Among Steven Seagal fans, Marked for Death is considered one of his absolute best. This is disturbing to me after watching the film because it is such a ridiculous movie…but I guess we (Americans) have to have our own brand of cheesy, poorly assembled action flicks too. I mean we can’t always rely on those bad ninja movies to be continuously made, can we? Well we probably can, but when you have someone like Seagal around to punch people, shoot guns, and blow stuff up it seems like kind of a waste not to utilize the man’s many “talents.” I am, of course, mocking him but when he makes film after film that is basically the same thing but with a smaller and smaller budget, you can’t help but ridicule the man.
He’s a good cop. In a bad mood. Furiously paced and visually striking, Marked for Death puts action star Steven Seagal (Driven To Kill, Under Siege) up against a deadly Jamaican drug posse. Just retired from the Drug Enforcement Agency, John Hatcher (Seagal) returns to his hometown and quickly discovers that drugs have infiltrated his old neighborhood. Determined to drive the dealers out, Hatcher crosses paths with a ferocious Jamaican druglord who vows that Hatcher and his family are now “marked for death.” Widely considered by fans and critics alike to be one of Seagal’s very best films Marked for Death is pure action, loaded with fight scenes integrating heavy elements of aikido.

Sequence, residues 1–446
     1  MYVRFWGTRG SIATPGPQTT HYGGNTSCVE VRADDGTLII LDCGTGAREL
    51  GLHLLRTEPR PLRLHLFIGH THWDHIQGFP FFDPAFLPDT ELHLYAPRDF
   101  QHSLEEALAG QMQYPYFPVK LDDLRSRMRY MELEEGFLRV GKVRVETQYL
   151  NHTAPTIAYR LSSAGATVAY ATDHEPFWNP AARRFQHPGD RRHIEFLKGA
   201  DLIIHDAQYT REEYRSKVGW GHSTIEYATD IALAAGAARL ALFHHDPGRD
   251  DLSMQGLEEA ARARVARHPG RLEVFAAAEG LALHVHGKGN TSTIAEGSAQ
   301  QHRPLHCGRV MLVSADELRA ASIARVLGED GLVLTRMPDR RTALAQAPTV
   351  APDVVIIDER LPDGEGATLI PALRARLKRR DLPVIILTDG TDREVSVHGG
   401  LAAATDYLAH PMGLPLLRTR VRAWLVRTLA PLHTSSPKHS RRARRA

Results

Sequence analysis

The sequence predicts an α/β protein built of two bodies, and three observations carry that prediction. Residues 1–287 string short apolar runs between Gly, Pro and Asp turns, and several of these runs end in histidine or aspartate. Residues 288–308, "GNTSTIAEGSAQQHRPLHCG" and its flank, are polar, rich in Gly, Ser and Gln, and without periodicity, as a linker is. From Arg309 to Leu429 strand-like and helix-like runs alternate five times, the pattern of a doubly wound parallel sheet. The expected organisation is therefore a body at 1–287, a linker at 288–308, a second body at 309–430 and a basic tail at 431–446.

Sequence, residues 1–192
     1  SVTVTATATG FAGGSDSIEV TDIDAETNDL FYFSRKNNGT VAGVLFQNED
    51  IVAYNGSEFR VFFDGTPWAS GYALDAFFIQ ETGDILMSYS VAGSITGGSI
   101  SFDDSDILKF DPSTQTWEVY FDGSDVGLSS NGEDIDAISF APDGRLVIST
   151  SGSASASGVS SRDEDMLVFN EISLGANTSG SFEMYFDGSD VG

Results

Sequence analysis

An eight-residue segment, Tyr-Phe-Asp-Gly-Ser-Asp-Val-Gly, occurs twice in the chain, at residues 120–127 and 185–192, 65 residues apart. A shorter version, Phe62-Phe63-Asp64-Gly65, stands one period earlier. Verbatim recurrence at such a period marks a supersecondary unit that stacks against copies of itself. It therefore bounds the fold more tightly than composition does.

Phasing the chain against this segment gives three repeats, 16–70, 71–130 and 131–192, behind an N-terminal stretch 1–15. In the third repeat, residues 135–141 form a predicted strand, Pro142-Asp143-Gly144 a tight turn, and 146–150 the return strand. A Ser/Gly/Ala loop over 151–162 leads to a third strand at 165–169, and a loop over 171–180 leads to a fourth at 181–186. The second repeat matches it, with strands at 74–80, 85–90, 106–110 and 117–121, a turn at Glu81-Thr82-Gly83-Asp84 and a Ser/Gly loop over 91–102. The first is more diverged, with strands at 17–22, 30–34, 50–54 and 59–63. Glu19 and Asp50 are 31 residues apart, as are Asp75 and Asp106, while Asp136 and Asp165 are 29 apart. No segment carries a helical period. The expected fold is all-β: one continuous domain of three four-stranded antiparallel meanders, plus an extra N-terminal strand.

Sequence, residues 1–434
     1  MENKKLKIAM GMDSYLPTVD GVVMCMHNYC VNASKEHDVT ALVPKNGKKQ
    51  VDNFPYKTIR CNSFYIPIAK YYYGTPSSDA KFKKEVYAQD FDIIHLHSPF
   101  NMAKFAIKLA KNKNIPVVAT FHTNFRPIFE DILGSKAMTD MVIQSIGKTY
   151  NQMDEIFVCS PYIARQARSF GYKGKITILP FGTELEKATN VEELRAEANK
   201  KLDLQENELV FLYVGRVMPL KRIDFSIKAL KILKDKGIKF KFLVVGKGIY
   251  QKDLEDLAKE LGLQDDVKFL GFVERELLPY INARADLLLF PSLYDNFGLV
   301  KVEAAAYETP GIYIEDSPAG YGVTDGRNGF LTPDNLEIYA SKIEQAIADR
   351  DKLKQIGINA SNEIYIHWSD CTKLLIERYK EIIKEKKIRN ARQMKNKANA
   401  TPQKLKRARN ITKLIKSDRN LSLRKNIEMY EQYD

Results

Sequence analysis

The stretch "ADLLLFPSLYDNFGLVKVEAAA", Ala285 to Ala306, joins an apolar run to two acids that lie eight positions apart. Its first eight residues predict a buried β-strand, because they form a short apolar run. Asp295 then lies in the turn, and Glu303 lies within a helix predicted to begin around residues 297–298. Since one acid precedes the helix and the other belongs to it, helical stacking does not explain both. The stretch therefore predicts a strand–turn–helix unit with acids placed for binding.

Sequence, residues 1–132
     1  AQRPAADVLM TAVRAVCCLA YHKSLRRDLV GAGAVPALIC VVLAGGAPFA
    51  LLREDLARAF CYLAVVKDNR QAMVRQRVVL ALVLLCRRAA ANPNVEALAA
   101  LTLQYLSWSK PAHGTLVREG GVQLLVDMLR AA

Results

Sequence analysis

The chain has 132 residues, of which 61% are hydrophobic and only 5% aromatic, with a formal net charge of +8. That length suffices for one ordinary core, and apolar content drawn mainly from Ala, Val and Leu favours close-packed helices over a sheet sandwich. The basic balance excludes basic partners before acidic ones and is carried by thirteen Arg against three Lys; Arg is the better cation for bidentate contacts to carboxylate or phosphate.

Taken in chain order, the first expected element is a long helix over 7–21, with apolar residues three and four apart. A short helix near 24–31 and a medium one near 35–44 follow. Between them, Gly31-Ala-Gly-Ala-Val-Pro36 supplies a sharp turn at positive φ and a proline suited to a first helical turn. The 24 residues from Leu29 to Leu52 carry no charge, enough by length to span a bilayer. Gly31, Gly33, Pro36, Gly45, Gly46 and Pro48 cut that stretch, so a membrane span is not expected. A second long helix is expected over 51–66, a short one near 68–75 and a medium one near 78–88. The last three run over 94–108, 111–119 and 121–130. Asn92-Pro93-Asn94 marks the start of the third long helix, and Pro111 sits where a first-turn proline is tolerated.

I just love that synopsis. “He’s a good cop. In a bad mood.” I mean that just tells you everything you need to know about this film, doesn’t it? It tells you that it’s about a cop that it will likely end with him exacting some kind of revenge for some wrongdoing that was done to him. It tells you that you shouldn’t expect too much stellar acting out of the film because it sounds like it’s going to be pretty mindless. And finally it tells you that you probably are going to waste your time on this film because that sentence, along with the remainder of the synopsis, sounds absolutely ridiculous. They don’t even bring up the fact that the main antagonist in the film is named Screwface. But then again I guess that might be giving away the store if you start to talk about the actual story and characters of the film—it has so few genuine resources that it has to hold them close to its chest lest everything be revealed on the back of the Blu-ray box.
So what goes on in this film? A lot of hilarious and violent things, as that is really all that Seagal is ever capable of. The story is pretty basic for a vengeful cop story (partner gets killed, other partner retires and then inevitably gets pulled out of retirement for some reason) but it’s the action that made this film stand out. Seagal provides not only plenty of weapon-play but also hand-to-hand combat as well. It’s all very dated now since this film is already twenty years old, but it was still entertaining on a very (very) basic level. Of course there’s also the song that Seagal wrote and performed for this film as well…so, hooray for his branching out into other mediums at the expense of the films viewers.